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If there is optimism going forward, as there seems to be in many quarters, it is due in no small part to Kim Hayes, executive director of Nashville Education, Community and Arts Television (NECAT). The nonprofit organization has been running things at community channels MCAtv9 (arts), iQtv10 (education) and Access Nashville 19 (presenting locally produced shows, like that of local cult hero The Bat Poet) since Metro's reorganization and consolidation of the PEG channels a little more than a year ago. The organization exists to keep programming and scheduling decisions out of Metro's hands, preserving the ideals of free expression and public access, which are among the channels' most fundmental goals.
The situation Hayes inherited couldn't have been more problematic. The three PEG channels — separate entities from Metro government Channel 3 — were tangled in an organizational snarl, wedged into a studio full of ramshackle equipment on the Nashville State campus, and expected to operate on a spit-and-duct-tape budget barely enough for one channel, let alone three. People who tried to join Channel 19 claimed they found a culture of dysfunction that thwarted progress and discouraged new blood.
Meanwhile, at Channels 9 and 10, executive director Michael Catalano (who presided over the mid-1990s rebirth of the Nashville Film Festival) made inroads into the city's creative community, tapping local artists, musicians and filmmakers for low-cost original programming. But his sloppy bookkeeping and management got him in hot water with Metro Legal, and he resigned in 2008.
Durbin, a former Metro councilman, says that before the reorganization and creation of NECAT, public access TV in Nashville "hadn't been managed to its potential, and the oversight hadn't been there." Longtime Channel 19 associates say a housecleaning of former personnel and the hiring of Hayes signaled a positive shift in the channels' future. The question now is, what can the city's PEG channels become — and how will NECAT get the money to make it happen?
For many viewers, community access channels are but speed bumps on the way to CNN or ESPN. The exact number of channel surfers who come to a complete stop at public access stations is anyone's guess. Hayes says that NECAT has not had the funds needed to track ratings themselves. While Comcast could feasibly obtain the information, it's an effort they have not yet been motivated to undertake. Advertising is not allowed on the stations, but such figures could benefit NECAT's efforts to secure underwriters and fundraising support.
Whether their viewership can be measured or not, Hayes acknowledges that raising the quality of programming — content as well as production value — is the way to draw an audience. But without increased funding, she says, their offerings aren't likely to improve. And viewers who don't deem the channels worth watching presumably see little point in increasing their funding — presenting a catch-22 for Hayes and her skeleton crew.
Hayes and other public access advocates believe the disconnect is largely due to lack of awareness. They say too many Nashvillians don't know what they're missing — i.e., what we already have in these lower channels, and what we could gain if they were given a fighting chance.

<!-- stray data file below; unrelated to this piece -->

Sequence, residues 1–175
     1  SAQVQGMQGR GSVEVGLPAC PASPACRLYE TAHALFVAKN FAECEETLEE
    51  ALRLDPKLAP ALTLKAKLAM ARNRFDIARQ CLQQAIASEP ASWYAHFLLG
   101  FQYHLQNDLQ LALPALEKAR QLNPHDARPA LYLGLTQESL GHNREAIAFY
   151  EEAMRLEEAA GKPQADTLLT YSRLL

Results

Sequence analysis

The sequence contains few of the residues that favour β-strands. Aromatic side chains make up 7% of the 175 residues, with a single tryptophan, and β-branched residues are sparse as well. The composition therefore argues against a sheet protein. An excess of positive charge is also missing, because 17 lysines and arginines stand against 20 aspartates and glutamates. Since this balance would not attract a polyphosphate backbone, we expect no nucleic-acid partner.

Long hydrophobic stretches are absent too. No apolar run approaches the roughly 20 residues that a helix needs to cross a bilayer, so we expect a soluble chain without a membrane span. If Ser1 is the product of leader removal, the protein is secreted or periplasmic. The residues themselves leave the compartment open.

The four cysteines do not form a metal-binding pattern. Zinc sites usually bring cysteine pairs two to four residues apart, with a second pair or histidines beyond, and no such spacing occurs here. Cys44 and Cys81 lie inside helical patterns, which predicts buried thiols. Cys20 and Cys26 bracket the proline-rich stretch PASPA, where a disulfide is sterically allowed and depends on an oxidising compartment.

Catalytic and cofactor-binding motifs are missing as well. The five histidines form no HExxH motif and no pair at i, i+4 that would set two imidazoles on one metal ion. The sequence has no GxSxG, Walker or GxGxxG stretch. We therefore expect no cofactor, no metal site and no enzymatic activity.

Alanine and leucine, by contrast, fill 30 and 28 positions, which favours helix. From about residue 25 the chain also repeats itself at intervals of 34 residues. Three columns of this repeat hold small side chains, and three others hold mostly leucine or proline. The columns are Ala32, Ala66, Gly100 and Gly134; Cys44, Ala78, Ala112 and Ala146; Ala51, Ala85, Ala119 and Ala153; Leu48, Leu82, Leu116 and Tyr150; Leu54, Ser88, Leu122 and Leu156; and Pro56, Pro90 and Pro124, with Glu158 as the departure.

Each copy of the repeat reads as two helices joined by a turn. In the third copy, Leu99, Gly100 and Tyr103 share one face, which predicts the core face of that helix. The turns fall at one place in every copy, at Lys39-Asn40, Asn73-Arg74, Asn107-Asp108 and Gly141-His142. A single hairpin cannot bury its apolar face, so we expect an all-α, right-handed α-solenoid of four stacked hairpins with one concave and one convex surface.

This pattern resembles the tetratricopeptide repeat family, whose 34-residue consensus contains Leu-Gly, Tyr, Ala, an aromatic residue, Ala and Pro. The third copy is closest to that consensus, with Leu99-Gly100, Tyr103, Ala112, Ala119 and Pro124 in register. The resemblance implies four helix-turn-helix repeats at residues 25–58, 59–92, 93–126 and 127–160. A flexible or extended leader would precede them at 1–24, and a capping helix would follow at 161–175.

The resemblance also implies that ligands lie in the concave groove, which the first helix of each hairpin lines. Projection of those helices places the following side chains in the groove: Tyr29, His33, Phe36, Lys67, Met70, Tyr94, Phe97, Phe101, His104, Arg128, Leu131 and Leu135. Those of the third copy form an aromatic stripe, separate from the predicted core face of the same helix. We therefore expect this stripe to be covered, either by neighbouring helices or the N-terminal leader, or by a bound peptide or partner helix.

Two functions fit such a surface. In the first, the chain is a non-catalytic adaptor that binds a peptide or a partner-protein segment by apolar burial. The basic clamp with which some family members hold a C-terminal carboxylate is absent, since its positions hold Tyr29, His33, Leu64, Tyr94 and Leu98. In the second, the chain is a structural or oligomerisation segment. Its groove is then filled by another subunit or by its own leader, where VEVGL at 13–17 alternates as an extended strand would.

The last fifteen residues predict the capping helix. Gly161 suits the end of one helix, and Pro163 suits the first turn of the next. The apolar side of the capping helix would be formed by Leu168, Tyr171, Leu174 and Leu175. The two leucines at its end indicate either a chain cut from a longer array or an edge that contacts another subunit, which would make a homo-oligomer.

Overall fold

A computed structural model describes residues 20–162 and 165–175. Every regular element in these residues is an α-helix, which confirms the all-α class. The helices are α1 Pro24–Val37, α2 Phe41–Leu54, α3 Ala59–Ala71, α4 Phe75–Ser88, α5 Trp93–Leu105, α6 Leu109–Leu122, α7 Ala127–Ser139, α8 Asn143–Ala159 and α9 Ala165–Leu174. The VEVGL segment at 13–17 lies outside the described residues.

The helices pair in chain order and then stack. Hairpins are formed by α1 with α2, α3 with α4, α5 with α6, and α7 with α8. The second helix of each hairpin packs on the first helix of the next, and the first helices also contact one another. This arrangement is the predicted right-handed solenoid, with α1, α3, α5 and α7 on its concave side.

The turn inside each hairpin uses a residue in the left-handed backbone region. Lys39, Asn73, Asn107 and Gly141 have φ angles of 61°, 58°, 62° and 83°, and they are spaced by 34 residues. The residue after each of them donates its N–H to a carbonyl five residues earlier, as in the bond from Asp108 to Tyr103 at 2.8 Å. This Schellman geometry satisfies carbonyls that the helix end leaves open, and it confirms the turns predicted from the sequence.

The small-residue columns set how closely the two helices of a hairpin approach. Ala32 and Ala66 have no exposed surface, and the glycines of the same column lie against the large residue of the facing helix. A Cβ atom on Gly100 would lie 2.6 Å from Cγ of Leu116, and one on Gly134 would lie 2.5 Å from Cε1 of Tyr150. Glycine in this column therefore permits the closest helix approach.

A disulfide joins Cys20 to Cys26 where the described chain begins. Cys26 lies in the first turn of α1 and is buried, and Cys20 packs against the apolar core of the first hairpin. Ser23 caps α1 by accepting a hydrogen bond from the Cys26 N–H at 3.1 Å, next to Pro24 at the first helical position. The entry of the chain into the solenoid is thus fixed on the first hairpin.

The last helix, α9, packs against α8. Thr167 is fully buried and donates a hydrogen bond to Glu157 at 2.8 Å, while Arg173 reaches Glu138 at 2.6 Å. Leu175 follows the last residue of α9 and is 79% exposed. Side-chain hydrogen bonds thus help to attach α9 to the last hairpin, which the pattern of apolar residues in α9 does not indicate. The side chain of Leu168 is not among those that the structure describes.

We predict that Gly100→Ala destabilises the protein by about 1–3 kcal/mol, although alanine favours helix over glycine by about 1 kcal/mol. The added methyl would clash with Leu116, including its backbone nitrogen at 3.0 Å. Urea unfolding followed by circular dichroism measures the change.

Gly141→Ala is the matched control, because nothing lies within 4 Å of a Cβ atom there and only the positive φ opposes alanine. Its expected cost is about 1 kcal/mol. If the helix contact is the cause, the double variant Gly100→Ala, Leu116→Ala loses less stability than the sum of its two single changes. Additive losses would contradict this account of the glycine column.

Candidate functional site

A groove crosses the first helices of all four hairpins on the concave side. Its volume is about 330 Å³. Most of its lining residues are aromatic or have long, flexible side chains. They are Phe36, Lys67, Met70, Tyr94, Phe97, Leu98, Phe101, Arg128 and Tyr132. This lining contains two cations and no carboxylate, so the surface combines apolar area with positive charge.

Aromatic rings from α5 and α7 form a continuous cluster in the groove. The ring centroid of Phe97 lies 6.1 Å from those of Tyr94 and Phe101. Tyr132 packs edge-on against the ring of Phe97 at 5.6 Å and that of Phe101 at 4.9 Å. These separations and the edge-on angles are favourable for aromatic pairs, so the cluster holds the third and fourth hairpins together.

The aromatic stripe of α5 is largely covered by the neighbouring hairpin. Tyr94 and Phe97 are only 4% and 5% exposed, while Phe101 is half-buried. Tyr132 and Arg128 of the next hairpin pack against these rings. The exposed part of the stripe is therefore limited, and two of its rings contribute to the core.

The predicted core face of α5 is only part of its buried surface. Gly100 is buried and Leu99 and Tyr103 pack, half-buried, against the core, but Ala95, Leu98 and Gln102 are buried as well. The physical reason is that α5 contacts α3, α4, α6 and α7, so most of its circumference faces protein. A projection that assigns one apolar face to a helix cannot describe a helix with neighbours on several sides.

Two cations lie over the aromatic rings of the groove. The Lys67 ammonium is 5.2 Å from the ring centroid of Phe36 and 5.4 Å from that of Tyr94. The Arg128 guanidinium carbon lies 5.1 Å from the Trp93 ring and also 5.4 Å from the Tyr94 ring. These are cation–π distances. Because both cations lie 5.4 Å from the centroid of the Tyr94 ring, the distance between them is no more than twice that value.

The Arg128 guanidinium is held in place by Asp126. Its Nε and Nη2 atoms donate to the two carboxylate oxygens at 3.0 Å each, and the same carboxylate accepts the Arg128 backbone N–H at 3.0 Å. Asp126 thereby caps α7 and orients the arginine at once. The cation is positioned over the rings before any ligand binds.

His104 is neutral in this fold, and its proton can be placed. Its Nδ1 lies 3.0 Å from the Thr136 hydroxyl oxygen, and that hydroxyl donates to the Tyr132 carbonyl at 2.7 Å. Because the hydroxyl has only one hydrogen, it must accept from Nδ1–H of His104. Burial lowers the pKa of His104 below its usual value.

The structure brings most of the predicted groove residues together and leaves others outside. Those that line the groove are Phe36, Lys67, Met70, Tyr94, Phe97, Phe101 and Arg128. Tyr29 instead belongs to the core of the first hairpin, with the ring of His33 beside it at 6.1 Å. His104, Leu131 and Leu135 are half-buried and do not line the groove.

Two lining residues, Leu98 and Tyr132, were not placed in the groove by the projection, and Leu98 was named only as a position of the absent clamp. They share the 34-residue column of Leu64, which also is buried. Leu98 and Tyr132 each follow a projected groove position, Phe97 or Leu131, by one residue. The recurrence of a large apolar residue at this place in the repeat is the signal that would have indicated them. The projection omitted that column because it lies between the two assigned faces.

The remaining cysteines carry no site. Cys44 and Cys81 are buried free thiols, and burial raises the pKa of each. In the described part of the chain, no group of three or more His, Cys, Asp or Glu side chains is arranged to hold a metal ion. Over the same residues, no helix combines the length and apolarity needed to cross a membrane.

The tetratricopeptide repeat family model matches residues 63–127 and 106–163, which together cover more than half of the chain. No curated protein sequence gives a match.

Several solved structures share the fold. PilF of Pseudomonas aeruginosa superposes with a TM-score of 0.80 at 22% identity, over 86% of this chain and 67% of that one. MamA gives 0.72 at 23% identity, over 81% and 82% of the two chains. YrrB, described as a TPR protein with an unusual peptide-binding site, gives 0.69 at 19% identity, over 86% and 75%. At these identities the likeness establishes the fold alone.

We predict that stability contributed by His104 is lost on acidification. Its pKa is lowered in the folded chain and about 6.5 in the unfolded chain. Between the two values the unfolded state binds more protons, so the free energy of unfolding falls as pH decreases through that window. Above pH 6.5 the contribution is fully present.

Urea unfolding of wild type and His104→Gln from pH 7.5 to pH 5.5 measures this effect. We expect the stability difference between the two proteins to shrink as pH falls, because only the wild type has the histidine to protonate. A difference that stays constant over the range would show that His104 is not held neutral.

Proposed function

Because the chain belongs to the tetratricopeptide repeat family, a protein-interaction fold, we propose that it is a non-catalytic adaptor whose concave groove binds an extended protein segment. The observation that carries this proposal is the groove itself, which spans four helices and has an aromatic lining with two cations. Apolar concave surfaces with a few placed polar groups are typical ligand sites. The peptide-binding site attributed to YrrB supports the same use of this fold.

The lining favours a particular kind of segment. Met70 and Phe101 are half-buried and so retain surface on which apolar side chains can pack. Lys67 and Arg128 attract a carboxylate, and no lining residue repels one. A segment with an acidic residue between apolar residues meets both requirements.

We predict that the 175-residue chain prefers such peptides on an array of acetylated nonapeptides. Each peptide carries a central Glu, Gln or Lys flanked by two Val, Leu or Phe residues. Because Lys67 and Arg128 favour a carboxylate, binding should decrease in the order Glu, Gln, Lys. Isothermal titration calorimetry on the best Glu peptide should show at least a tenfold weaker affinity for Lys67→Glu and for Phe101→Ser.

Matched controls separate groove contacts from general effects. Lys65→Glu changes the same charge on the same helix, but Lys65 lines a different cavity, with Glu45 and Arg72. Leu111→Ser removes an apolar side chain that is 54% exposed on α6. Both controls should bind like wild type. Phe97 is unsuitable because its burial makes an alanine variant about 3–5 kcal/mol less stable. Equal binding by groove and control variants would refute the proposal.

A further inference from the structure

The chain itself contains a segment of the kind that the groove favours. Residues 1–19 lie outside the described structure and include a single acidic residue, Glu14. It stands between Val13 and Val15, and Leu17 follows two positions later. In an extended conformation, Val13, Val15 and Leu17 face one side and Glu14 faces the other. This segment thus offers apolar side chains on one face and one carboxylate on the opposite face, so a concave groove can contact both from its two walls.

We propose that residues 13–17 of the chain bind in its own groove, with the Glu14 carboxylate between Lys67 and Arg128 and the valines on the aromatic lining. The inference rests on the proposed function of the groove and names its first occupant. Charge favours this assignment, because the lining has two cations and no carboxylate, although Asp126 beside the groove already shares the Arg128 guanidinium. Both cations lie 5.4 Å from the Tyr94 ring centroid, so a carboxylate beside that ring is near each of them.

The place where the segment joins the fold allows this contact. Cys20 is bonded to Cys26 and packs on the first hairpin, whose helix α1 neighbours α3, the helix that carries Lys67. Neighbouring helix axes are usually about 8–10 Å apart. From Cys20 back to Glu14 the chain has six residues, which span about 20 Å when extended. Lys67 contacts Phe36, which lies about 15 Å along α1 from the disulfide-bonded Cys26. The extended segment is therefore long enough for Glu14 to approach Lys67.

"I think if we can increase awareness, increase our openness to the community and improve our equipment and production quality, it's going to mushroom," Hayes tells the Scene. "I think people just don't know."
Even if it is a work in progress here, the model can certainly work. Similar operations in the aforementioned Memphis suburb of Germantown, whose community access programming has been nationally recognized, and Knoxville are thriving. Likewise, comparable markets such as St. Paul, Minn., and Grand Rapids, Mich., have been successfully producing the type of top-shelf content Hayes would like to provide in Nashville.
In most cases, though, such efforts are supported by larger budgets than NECAT's — a relative shoestring of about $300,000, which includes roughly $150,000 from Metro's general fund, $100,000 from Comcast and around $50,000 from underwriters, fundraising, producing for hire, and fees paid by local producers for classes and dues. By comparison, Community Television of Knoxville works with an operating and capital budget of around $700,000, according to general manager and chief operating officer David Vogel, who responded to an inquiry by email.
But while even the smallest increase in contributions from Comcast could make a big difference for NECAT, Hayes says the organization is doing as much as it can to improve quality and community involvement now. In the past, she says, not enough attention was given to fundraising and seeking grants. Evidence of her diligence in reversing that trend has recently arrived in the form of a $3,135 technology grant from the Frist Foundation.
Additionally, Hayes stresses the importance of keeping the cost to local producers as low as possible. By definition, community access television should be accessible to all of the community. Currently, Davidson County residents can produce their own show on Channel 19 for $75 annually; to do so, they must take two classes, which cost $50 each. Put another way: For about the cost of a Beatles box set on iTunes, you could unleash (or inflict) your inner Stephen Colbert, Oprah Winfrey or Wink Martindale on an unsuspecting public. (For information on starting your own show, go to necat.tv and click the "Become a Producer" link.)
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